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Simeis 147 (Sh2-240)

These are the intricate filaments of faint supernova remnant Simeis 147. Seen towards the constellation Taurus it covers nearly 3 degrees (6 full moons) on the sky corresponding to a width of 160 light-years at the stellar debris cloud's estimated distance of 3,000 light-years. It is one of the faintest objects in the sky, discovered using a 25" Schmidt camera in 1952 by G.A Shajn and V.E. Hase at the Crimean Astrophyical Observatory at Simeis (in the former U.S.S.R). It was also imaged independently at Palomar by the 48" "Samuel Oschin" Schmidt camera on red photographic plates at roughly the same time period.
This supernova remnant has an apparent age of about 100,000 years - meaning light from the massive stellar explosion first reached Earth 100,000 years ago - but this expanding remnant is not the only aftermath. The cosmic catastrophe also left behind a spinning neutron star or pulsar, all that remains of the original star's core. (Text adapted from Astronomy Picture of the Day)

Chosen as NASA Astronomy Picture of the Day for November 29, 2005.

This image is a composite from black and white images taken with the Palomar Observatory's 48-inch (1.2-meter) Samuel Oschin Telescope as a part of the second National Geographic Palomar Observatory Sky Survey (POSS II). The images were recorded on two type of glass photographic plates - one sensitive to red light and the other to blue and later they were digitized. Credit: Caltech, Palomar Observatory, Digitized Sky Survey.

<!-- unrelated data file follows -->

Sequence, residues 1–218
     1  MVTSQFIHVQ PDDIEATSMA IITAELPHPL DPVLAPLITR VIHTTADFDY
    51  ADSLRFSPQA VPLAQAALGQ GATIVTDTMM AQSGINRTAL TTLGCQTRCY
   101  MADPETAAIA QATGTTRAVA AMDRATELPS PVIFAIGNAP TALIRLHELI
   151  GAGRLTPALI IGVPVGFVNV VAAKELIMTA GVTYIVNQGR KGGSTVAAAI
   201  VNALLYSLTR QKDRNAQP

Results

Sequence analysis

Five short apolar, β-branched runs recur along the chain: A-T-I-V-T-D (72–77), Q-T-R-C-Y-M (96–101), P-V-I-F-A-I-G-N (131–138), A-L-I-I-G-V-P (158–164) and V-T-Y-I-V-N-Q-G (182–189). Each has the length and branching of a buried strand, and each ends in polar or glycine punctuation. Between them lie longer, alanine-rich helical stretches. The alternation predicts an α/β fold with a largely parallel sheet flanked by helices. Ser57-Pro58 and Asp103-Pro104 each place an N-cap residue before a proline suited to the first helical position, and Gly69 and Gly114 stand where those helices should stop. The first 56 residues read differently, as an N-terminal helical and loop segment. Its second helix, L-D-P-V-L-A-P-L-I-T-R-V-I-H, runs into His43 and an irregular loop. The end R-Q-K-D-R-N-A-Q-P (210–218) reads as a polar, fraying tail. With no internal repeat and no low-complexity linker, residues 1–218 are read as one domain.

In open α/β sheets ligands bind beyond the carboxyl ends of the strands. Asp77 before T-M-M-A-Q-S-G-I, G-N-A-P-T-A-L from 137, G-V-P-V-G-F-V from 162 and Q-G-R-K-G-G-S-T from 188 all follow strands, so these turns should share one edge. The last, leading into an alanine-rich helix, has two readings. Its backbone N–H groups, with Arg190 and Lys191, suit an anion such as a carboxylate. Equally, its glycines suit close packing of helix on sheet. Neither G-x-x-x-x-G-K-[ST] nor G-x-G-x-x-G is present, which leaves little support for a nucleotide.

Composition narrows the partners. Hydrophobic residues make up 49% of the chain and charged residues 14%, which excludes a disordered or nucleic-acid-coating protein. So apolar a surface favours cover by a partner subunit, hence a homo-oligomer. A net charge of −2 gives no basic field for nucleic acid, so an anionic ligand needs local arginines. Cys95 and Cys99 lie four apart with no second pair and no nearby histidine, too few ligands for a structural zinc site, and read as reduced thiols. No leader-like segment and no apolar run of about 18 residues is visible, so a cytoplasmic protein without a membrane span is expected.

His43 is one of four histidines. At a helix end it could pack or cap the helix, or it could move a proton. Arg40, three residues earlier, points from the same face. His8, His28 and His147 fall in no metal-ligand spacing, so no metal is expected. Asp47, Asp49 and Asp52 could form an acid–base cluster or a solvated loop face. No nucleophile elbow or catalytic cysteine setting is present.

In order to produce the color image seen here, I worked with data coming from 8 different photographic plates taken between 1988 and 1997. Original file is 17.067 x 13.508 pixels with a resolution of about 1 arcsec per pixel. The image shows an area of sky large 4,7 x 3,8 (for comparison, the full-Moon is about 0,5 in diameter). Color composite, copyright: Davide De Martin.

Available for Museum, Planetariums, Publishers and Authors in very high-resolution (230 megapixels). Please, e-mail me with your request.

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All images presented in this website are copyrighted Davide De Martin (2005-2014) otherwise noted. Reproduction or distribution of these images is not permitted without written consent. See also my policy of the use of images for further details or email me. Comments are welcome.
The astronomical images presented in this site were created with the help of the ESA/ESO/NASA FITS Liberator.